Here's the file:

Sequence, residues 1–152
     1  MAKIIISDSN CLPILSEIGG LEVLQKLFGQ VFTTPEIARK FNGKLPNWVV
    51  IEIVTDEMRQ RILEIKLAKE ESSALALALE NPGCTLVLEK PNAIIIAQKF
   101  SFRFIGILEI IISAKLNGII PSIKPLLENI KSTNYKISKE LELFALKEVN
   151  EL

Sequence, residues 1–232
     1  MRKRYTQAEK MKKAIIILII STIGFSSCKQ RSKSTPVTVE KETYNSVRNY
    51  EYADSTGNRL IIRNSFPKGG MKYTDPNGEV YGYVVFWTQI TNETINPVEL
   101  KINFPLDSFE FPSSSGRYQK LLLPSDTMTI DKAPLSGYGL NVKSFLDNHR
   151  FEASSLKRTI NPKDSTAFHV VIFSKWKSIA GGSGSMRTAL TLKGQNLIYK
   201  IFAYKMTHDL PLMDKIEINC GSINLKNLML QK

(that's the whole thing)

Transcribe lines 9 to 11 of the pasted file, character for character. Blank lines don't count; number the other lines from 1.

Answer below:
   101  KINFPLDSFE FPSSSGRYQK LLLPSDTMTI DKAPLSGYGL NVKSFLDNHR
   151  FEASSLKRTI NPKDSTAFHV VIFSKWKSIA GGSGSMRTAL TLKGQNLIYK
   201  IFAYKMTHDL PLMDKIEINC GSINLKNLML QK